"The recent decisions have been introduced into their proper places; and references have been made to all the Reports of the modern Cases, as few have on their shelves all the contemporaneous reporters. The language of the law has been altered by the Real Property Acts, and the text of this work has accordingly throughout required alteration. No apology is necessary for introducing a view of those acts in the chapter upon Title, as it is of deep importance that their contents should be readily accessible. To prevent the too frequent recurrence of new editions, the writer has been induced to add upon this occasion considerably to the usual number of copies; and as that will deprive him of an early opportunity of again correcting the work, he has revised it, with a view to this edition, with all the care and attention which his opportunities have permitted."
Sir Edward thus commences his chapter " Of the title which a purchaser may require." "A purchaser, before the late act of 3 & 4 W. 4, c. 27, had a right to require a title commencing at least sixty years previously to the time of his purchase, because the old Statute of Limitations coidd not in a shorter period confer a title." And then after some observations on the old law, he observes1 that the law is altogether altered by the new act, " which limits the general time to recover to twenty years, with a saving of ten years for persons under disability, but not to exceed in any case forty years, although the ten years are not expired. The act allows no further time for successive disabilities, and makes the bar of the tenant, in fact, extend to all whom he might have barred. This will ultimately tend to shorten abstracts considerably, and in the result, forty years will probably be considered the proper period instead of sixty for an abstract to extend over; but still cases must frequently arise where it will be necessary to call for an earlier title. As fines are abolished, a short bar, as formerly, cannot now be made." In an opinion given by Mr. Brodie, and published with his consent in Mr. Hayes's Introduction to Conveyancing,2 he says, " it is a common notion that the present length of abstracts is with reference to the limitation of sixty years. This is quite a mistake. It is with reference to the duration of human life; and so long as the law will not allow a remainder expectant on an estate for life to be barred by a possession adverse to the tenant for life, a purchaser will be entitled to require a title to be shown for the same period as heretofore under the old law." Why the term of sixty years was adopted as the limit beyond which a purchaser in ordinary cases could not require the title to be carried back, we cannot say, but we may safely affirm that Mr. Brodie's unqualified assertion, that the rule had no reference to the old Statute of Limitations, and had regard only to the duration of human life, cannot be sustained. We should say, indeed, that Sir Edward's opinion is nearest the mark: the rule probably originated in reasoning something like this;—" In ninety-nine cases out of a hundred a person whose title has been separated from the property for sixty years is barred by the Statute of Limitations; we must not, therefore, to prevent extreme cases of hardship arising, put every owner of property to an unnecessary expense." Now the question is whether we shall, when the term of limitation prescribed by the new act comes into full operation, in order to provide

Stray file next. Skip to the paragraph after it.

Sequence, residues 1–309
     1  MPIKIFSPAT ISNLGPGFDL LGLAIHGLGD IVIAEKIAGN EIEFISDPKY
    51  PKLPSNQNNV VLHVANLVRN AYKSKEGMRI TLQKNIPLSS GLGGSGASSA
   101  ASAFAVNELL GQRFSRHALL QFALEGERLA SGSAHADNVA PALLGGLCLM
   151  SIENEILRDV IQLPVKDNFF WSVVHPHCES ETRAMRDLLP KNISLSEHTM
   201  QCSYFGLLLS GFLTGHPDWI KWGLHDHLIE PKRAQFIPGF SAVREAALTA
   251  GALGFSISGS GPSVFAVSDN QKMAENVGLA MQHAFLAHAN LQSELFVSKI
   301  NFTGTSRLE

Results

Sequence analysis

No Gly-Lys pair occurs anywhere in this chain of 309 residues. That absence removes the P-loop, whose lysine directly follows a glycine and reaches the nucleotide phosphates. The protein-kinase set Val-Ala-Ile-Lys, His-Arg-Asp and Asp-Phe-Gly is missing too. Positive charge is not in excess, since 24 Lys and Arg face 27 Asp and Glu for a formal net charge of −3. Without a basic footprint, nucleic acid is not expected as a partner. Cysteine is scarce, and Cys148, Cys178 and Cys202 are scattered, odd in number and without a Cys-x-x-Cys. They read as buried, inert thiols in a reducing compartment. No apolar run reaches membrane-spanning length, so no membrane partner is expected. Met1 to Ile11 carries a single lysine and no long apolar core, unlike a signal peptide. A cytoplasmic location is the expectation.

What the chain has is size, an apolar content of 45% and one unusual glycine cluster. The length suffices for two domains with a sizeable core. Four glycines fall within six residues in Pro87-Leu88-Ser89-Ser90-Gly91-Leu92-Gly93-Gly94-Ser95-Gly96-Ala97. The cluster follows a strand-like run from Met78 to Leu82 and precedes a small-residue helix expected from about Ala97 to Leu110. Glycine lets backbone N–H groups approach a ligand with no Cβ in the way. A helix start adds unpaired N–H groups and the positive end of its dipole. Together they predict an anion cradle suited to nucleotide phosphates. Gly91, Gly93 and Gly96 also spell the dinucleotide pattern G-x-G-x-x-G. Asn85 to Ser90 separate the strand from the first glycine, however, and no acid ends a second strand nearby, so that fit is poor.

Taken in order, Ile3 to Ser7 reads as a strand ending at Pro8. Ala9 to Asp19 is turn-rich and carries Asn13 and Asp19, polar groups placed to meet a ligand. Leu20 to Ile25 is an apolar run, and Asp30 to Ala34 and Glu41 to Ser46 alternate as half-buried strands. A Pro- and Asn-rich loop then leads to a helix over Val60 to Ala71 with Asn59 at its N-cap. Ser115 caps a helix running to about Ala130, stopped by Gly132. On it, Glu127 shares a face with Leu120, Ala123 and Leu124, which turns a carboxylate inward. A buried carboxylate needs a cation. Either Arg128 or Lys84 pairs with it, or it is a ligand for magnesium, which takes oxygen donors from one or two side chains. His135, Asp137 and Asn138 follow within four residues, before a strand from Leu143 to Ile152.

against extraordinary cases, continue to require titles to be deduced for at least sixty years. Suppose an abstract to
commence with a conveyance in 1790 from Temple to Fairfax, made apparently for an adequate money consideration, and taking the facts to be most unfavourable to the title, we will say that Temple was then a young man, twentythree or twenty-four years of age, and that it cannot now be ascertained whether he be living or dead. Now this would be a sufficient foundation for a good title, unless Temple was only tenant for life. But what does this assume? It assumes that Fairfax purchased and paid a full consideration without having any title! If the vendor were a young man, he probably claimed under some settlement or will, and yet we must suppose that his title was never looked into, and that his bare word that he was seised in fee was taken. But in the great majority of cases, especially in the country, it might be immediately ascertained whether a person who sold property forty years ago, were living, and if not, when he died; and then the circumstances and characters of the vendor and purchaser, which might be frequently known, would assist an inquirer in coming to a conclusion whether there were any reasonable ground of suspicion. Whatever, indeed, may be the opinion of London conveyancers, who ought to exercise the most abundant caution, for the titles submitted to them are for the most part doubtful and suspicious, and as it were exceptions out of the general mass; whatever may ultimately be the decision of the courts, we know that in the practice of solicitors the new act has already had a beneficial effect in shortening abstracts. It will be necessary, however, for the courts, which cannot investigate every particular case, to lay down some general rule; and we should say that a title for forty-five or fifty years will be quite sufficient to protect a purchaser acting with ordinary circumspection; whatever be the limit assigned, it will of course be sometimes necessary, as under the old law, to call for the previous title. We cannot justly withhold from our readers Mr. Hayes's intelligent observations on this point.' "If the limitation to a writ of right originally suggested the period of sixty years, yet it did